Category: Police Practices

Prof. Gershman on “Parking While Black”

In his most recent Huffington Post piece titled Parking While BlackProf. Bennett L. Gershman reviews a recent Circuit Court decision, United States v. Johnson, which is currently pending re-hearing at the 7th Circuit after it initially upheld the lower court’s decision. Prof. Gershman raises a fair question: “[Are the courts] about to decide if police have another legal method for harassing black citizens[?]”

In the middle of a Wisconsin winter with streets covered in snow, local Milwaukee police decided to harass a parked car with four black passengers inside after one just returned from a liquor store, citing Milwaukee parking ordinance (alleging the car was parked too close to a crosswalk), pulling all passengers out of the car, handcuffing them, searching the entire car and finding a gun as a result.

While the court’s majority sided with the government and held that the police did not violate the defendant’s Fourth Amendment rights and reasoned that police had probable cause (based on the parking ordinance) and as such “could forcibly detain the car and search the occupants,” Judge David Hamilton delivered a worth-to-read dissent, calling the police conduct “terrifying,” “outrageous,” and “extraordinary.” As Prof. Gershman points out, Judge Hamilton carried on by saying:

Imagine that the police tried that approach in Milwaukee’s affluent east side. Citizens would be up in arms, and rightly so.” … “No police officer could expect to keep his job if he treated a standing car as worthy of a [forcible] stop.”

Prof. Gershman concludes that:

The panel decision was vacated last month, and reargument has been ordered. It remains to be seen whether the entire circuit court will see it as Hamilton did or whether “parking while black” will sadly become as common a phrase as “driving while black.”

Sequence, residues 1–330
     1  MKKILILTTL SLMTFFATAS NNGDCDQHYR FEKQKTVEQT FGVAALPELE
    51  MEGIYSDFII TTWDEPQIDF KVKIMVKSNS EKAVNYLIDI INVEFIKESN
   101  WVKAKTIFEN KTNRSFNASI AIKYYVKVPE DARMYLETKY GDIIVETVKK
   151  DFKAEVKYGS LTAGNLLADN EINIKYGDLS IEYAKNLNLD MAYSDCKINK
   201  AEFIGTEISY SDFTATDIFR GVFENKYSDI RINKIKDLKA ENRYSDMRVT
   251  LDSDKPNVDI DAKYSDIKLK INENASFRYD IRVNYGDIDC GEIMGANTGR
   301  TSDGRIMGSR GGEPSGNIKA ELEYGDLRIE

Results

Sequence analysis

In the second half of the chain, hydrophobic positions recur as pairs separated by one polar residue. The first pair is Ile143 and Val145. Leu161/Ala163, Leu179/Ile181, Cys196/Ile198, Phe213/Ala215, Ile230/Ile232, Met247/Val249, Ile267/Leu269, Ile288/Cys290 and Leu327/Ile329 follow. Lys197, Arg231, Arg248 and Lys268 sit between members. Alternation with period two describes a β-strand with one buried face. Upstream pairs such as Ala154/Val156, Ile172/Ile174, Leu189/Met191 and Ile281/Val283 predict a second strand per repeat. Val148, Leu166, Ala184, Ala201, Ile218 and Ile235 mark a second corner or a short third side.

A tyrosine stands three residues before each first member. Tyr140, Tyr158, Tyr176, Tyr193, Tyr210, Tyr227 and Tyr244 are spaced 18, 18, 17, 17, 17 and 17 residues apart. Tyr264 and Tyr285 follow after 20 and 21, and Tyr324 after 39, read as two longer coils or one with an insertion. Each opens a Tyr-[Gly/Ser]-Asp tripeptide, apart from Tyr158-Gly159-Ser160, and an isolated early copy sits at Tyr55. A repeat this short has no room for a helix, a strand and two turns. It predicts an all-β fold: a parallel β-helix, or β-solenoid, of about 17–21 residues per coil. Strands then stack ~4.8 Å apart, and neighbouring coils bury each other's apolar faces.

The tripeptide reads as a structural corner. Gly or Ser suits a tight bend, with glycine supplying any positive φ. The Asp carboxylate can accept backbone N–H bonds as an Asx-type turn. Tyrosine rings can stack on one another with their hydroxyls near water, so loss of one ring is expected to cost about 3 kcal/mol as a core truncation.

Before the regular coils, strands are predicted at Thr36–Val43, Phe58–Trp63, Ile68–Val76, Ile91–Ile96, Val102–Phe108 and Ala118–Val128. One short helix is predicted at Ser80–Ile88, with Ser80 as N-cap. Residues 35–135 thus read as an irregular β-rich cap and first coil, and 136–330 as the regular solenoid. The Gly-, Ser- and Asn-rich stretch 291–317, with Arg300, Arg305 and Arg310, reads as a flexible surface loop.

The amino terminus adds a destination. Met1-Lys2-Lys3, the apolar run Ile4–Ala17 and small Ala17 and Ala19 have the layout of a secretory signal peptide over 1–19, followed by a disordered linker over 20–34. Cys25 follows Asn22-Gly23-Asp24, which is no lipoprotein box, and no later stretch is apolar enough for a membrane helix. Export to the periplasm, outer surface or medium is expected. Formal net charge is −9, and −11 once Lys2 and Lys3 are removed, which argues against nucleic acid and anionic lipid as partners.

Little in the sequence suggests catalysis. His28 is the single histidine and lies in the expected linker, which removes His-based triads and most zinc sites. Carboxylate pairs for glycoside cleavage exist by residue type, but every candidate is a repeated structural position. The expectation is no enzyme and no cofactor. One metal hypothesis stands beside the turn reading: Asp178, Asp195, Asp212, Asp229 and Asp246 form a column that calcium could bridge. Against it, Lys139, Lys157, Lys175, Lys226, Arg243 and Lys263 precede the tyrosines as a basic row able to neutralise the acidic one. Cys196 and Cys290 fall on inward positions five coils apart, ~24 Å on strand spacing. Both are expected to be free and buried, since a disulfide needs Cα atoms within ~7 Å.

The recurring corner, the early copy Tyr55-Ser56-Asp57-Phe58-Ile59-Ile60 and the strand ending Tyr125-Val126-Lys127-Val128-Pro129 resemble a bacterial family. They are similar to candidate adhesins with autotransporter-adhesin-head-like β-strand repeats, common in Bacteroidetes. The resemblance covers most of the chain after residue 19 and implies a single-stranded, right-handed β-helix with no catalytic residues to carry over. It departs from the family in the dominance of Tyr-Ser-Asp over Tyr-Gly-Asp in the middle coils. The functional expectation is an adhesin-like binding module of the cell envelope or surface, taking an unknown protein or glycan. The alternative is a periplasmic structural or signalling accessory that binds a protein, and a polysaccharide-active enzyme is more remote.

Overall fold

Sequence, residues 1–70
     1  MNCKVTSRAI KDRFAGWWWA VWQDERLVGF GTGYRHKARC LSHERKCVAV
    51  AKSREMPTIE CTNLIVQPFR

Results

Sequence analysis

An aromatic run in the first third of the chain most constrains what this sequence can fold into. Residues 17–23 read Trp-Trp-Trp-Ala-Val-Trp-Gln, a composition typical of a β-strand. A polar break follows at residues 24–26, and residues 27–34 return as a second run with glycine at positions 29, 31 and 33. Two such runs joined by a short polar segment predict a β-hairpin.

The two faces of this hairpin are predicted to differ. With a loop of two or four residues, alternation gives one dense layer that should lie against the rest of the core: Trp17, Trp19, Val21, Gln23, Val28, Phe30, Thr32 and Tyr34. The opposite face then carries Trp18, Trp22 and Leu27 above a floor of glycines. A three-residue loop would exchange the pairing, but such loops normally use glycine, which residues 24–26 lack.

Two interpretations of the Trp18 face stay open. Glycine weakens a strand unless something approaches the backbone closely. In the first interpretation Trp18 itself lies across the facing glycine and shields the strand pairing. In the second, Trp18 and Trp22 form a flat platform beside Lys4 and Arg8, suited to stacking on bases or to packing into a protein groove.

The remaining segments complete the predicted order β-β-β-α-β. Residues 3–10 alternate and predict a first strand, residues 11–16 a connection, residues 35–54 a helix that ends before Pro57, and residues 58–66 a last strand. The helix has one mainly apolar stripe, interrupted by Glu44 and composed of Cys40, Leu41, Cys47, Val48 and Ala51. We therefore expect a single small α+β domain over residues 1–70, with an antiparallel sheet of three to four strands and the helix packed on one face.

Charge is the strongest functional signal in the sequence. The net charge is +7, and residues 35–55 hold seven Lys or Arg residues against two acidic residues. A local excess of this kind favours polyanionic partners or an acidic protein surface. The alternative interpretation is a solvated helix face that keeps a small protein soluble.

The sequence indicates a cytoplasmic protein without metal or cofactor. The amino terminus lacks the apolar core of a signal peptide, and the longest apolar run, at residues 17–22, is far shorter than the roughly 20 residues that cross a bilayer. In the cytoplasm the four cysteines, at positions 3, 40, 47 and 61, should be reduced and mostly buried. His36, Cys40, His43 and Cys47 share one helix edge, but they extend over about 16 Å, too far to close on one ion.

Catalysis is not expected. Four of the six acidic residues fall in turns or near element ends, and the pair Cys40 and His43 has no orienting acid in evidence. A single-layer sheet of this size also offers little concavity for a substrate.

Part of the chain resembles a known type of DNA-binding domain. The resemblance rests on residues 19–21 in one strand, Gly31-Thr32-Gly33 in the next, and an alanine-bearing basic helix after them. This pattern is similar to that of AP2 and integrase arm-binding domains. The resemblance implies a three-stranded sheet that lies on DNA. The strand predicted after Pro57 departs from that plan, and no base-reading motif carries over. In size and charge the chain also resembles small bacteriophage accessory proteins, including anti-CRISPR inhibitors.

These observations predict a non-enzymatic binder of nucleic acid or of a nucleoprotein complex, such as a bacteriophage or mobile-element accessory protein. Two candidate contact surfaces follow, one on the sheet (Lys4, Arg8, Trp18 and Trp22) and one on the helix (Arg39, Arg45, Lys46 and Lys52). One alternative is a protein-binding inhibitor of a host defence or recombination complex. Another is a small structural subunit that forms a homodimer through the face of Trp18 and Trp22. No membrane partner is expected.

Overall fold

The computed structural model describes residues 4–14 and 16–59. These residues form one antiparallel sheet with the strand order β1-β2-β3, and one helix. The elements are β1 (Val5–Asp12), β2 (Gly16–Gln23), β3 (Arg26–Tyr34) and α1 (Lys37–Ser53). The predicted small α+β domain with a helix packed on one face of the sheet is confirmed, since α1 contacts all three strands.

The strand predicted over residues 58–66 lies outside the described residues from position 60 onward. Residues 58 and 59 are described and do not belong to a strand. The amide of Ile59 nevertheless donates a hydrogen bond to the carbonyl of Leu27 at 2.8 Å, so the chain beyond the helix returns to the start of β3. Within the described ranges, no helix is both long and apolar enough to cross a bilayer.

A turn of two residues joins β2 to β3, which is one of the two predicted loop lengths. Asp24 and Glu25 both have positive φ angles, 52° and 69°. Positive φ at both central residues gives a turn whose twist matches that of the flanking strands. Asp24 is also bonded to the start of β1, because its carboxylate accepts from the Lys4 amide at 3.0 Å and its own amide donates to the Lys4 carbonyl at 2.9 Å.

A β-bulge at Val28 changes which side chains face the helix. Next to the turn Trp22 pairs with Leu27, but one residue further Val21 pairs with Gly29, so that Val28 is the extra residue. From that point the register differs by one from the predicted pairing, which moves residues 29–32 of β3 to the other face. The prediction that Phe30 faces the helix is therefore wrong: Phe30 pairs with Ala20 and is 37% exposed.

Student Perspective: Making A Murderer Event

POST WRITTEN BY: Danielle Petretta (’17), J.D. Pace Law School

On March 2, 2016, Pace Law School’s Criminal Justice Society, Student Bar Association, and the Criminal Justice Institute held an event on the controversial and popular Netflix 10-episode documentary, “Making a Murderer.” The documentary centers on a man named Steven Avery, who found himself stuck deep in the trenches of our criminal justice legal system within a very small knit rural community in Wisconsin.

Steven Avery spent 18 years in prison for a crime he did not commit and in 2003 was finally exonerated. This case received much attention including an effort to pass a bill – the Avery Bill – implementing checks and balances regarding police interrogations, handling and testing of DNA evidence, and policies surrounding an eye witness identification procedures to prevent wrongful convictions.  However, his nightmares continued, as just two years later he was arrested for the murder of 25-year-old photographer Teresa Halbach. Steven Avery’s nephew, Brenden Dassey, was also arrested for partaking in the Halbach murder. Both Steven Avery and Brenden Dassey remain in prison to date and Steven Avery continues to claim his innocence this time around as well. It is yet to be determined what the status of their appeal is, and the documentary leaves gaping concerns and questions to be answered. The documentary maps Steven Avery’s unfortunate journey through the legal system to date and takes the viewer on a shocking ride.